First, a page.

We are fortunate to live in a region with a rich brewing tradition and an abundance of high-quality craft breweries. Before Prohibition, the Philadelphia area was home to over 100 independent breweries. Pottsville’s D.G. Yuengling & Son braved the nearly 14-year stretch from the 18th to the 21st amendments by producing so-called near beer and dairy products, and has since earned the title of the oldest brewery in the U.S. Today, Pennsylvania is home to some of the nation’s finest craft breweries, including Victory, Yards, Weyerbacher and Sly Fox, to name a few. But one of my favorites has to be Troegs Brewing Co. in Hershey, Pa.
Troegs co-founders and Mechanicsburg, Pa., natives Chris and John Trogner were both professionally trained brewers with an abundance of experience in the industry before Troegs became a reality. John worked at a brewpub in Boulder, Colo., for three years while taking intensive brewing classes, and Chris managed a restaurant and completed his business education while formulating marketing strategies for their quietly blossoming brewery endeavor. Their dream of operating their own brewery came to fruition in 1997 with the opening of Troegs Brewing Co. in Harrisburg, Pa.
Troegs is now located in Hershey and distributes to eight states. The brewery offers free self-guided tours seven days a week, and the tasting room even has puzzles and coloring books to keep children occupied while their questionably prudent parents partake in sampling pints and pints of Troegs beer. This way the little buggers don’t have to witness firsthand the type of behavior that probably led to their existence in the first place. Just promise the kids a trip to Hershey’s Chocolate World five minutes down the road and they’ll be happy, right? Right.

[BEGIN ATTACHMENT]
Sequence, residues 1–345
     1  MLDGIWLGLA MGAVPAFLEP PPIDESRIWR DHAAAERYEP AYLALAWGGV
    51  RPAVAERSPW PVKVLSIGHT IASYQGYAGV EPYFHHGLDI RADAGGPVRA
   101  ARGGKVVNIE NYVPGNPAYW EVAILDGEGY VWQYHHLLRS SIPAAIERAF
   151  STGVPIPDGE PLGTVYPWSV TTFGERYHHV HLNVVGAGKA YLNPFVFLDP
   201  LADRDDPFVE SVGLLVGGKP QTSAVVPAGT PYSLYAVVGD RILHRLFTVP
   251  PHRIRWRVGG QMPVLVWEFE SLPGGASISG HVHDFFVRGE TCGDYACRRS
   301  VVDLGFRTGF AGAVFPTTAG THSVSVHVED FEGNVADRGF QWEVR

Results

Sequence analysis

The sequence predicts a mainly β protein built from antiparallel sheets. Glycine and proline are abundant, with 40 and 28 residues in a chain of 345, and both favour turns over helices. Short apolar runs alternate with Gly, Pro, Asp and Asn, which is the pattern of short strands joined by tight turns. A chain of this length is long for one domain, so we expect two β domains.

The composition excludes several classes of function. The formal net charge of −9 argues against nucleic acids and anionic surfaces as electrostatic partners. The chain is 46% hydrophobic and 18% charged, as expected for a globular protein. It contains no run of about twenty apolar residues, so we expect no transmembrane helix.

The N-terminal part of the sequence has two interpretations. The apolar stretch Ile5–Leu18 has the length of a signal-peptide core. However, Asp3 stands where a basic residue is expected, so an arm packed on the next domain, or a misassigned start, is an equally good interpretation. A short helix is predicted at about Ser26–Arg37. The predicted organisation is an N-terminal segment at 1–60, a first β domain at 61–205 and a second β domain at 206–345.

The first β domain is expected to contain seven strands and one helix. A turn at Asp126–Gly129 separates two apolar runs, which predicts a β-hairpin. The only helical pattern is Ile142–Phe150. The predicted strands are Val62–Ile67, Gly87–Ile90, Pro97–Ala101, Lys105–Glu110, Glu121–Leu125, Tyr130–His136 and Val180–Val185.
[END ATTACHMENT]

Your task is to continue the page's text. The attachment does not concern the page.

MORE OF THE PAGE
Hearken! It’s late January, and that means that the glorious Troegs Nugget Nectar is back again. This fabulous limited release is, interestingly enough, based on a scaled-up recipe of their year-round HopBack Amber Ale. More malts mean more alcohol and depth, and the accompanying increase in sweetness necessitates larger amounts of hops to balance out the flavors while retaining a powerful hoppy punch.
I grabbed a 12-ounce bottle from Rybrew for $3.50. Pouring the beer into a pint glass, the first things to note are its strikingly clear red-orange hue and its impressive frothy foam stand that lingers on the glass even after several sips. Beer nerds call this effect lacing, and some say it indicates high-quality hops and attention to brewing technique. Others say it means absolutely nothing. Either way, this is a pretty beer. The aroma is dominated by pungent floral and spicy hop notes, with some sweet, grainy malts in the background. The taste’s main element is an array of hop flavors with slight but noticeable bready malt notes present — just enough to add a bit of malt complexity to an otherwise very hoppy beer. Long after my last sip, residual hop flavors continued to linger on the palate.
This brew is proof that a hoppy beer can still achieve balance and attain a higher dimensionality of flavor, so to speak. This is simply a fantastic beer with a huge depth of flavor. I would recommend grabbing some Nugget Nectar while you can, as it’s only available until March. Cheers!
My ratings (out of 5):
7.5 percent ABV
$3.50 12-ounce bottle at Rybrew